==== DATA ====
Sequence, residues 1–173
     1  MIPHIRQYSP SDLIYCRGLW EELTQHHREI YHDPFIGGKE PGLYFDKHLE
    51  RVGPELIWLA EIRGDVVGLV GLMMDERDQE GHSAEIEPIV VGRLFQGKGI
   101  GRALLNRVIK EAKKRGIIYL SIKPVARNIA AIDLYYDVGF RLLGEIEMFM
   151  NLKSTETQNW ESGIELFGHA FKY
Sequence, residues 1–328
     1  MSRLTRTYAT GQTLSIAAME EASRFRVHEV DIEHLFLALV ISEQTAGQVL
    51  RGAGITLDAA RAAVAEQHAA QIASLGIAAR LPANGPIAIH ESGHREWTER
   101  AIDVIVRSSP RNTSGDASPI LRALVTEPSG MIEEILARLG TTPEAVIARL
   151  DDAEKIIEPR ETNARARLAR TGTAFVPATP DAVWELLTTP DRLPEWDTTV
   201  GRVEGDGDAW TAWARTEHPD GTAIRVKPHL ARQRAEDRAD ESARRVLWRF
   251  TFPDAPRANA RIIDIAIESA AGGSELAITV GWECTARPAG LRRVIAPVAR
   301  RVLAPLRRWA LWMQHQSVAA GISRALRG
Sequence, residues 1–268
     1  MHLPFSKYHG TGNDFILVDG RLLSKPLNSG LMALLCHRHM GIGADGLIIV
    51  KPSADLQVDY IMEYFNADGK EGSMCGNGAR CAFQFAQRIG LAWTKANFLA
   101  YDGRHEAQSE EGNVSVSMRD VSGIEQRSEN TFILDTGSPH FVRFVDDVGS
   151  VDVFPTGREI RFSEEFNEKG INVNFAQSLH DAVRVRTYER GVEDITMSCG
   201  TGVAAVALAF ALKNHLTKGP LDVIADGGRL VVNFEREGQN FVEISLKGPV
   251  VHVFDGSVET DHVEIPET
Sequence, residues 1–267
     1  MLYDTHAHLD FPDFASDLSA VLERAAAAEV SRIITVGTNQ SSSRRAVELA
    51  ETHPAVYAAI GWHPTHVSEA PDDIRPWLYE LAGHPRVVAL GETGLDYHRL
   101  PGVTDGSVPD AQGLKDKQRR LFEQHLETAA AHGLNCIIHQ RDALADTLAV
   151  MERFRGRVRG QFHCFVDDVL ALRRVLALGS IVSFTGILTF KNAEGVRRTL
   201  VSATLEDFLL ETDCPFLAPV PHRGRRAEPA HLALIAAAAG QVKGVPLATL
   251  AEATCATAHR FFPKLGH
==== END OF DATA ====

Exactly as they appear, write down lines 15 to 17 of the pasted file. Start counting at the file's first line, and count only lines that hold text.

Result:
     1  MHLPFSKYHG TGNDFILVDG RLLSKPLNSG LMALLCHRHM GIGADGLIIV
    51  KPSADLQVDY IMEYFNADGK EGSMCGNGAR CAFQFAQRIG LAWTKANFLA
   101  YDGRHEAQSE EGNVSVSMRD VSGIEQRSEN TFILDTGSPH FVRFVDDVGS